dearth

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English[edit]

Etymology[edit]

First attested at least as early as the late 1400s, and appearing in Tyndale’s Pentateuch (1530) as well as the Coverdale Bible (1535). From Middle English derþe, probably from Old English *dīerþ, *dīerþu, from Proto-Germanic *diuriþō (costliness, preciousness, honour), corresponding to dear + -th. Cognate with West Frisian djoerte (love, dearness, value, worth), Dutch duurte (dearness; scarcity, dearth), Icelandic dýrð (honour, glory).

Pronunciation[edit]

Noun[edit]

dearth (plural dearths)

  1. (Can we clean up(+) this sense?) A period or condition when food is rare and hence expensive; famine.
  2. (by extension) Scarcity; a lack or short supply.
    • 1608, William Shakespeare, King Lear:
      I promise you, the effects he writes of succeed unhappily: as of unnaturalness between the child and the parent; death, dearth, dissolutions of ancient amities; divisions in state, menaces and maledictions against king and nobles; needless diffidences, banishment of friends, dissipation of cohorts, nuptial breaches, and I know not what.
    • 1634, John Downame, The christian warfare, page 559:
      And faine would hee, if he could tell how, haue plentie in his own fields, and scarcity in other mens; superfluitie at home, and dearth abroade, that hee might sell his corne at the dearer rate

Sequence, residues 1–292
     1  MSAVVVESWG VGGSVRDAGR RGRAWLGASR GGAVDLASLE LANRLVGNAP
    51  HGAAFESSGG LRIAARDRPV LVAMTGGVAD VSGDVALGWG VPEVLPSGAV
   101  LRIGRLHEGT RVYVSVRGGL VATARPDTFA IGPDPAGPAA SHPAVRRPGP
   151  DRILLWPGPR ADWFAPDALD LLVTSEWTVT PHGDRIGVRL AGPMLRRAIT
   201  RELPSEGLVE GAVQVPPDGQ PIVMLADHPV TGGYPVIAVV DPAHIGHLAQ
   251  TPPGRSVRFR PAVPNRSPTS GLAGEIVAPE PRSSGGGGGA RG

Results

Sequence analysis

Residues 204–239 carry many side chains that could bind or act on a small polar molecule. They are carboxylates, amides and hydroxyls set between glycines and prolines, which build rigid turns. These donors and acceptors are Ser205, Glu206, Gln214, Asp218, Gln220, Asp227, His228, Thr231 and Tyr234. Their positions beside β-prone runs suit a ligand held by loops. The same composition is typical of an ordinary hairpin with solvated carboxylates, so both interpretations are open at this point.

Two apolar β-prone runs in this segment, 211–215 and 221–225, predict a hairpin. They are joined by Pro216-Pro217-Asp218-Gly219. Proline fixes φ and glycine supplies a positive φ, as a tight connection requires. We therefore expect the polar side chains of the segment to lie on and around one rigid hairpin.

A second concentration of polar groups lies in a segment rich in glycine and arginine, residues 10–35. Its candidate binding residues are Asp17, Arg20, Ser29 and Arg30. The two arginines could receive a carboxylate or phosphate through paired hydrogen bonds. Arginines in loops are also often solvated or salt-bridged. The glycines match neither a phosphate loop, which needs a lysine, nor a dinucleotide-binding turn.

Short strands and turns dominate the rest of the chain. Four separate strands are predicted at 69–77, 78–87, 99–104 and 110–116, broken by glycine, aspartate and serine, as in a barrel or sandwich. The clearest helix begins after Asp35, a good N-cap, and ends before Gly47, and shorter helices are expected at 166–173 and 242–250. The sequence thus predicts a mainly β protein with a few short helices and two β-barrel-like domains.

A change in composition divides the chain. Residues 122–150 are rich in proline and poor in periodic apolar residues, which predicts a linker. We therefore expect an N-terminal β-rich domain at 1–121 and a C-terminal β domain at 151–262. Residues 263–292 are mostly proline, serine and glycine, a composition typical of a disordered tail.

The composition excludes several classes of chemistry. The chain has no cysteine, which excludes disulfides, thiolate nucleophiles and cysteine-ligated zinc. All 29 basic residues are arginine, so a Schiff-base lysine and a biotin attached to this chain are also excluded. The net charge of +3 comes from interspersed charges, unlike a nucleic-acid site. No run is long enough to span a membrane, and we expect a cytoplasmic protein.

3. (obsolete) Dearness; the quality of being rare or costly.
    • 1614, William Camden, Remaines, concerning Britaine: but especially England, and the …, page 210:
      Whatsoever doth remaine for money, let Money-mongers, supply when they will. And I referre to Politicians to dispute among themselves whether the dearth of all things which most complaine of doeth proceede from plenty of gold and silver since the late discoveries, or from Monopolies, and combinations of Merchants and Craftsmen, or from Transportation of graine, or from pleasure of great personages, which doe most highly rate such things as they most like, or excesse in private persons, or to all these conjointly.
    • 1660, Church of England, “In the time of dearth and famine.”, in The Book of Common Prayer, page 21:
      O God,heavenly Father, whose gift it is that the rain doth fall, the earth is fruitfull, beasts increase, and fishes do multiply: behold, we beseech thee, the afflictions of thy people, and grant that the scarcity and dearth (which we do now most justly suffer for our iniquitie) may through thy goodness be mercifully turned into cheapness and plenty…
    • 1676, Thomas Comber, A Companion to the Temple: The litany, page 309:
      The property of Contraries is, that they become one anothers Cure, whereupon we who have suffered by scarcity and dearth, do pray to be relieved by their contraries, cheapness and plenty
    • 1826, Robert Graham, “Corn and Currency”, in , edition Second, with additions:
      In Ireland, distress is greatest when provisions are cheapest; then we see famine without dearth; hunger amidst superabundance of provisions; farmers without a market; labourers without the means of purchase.

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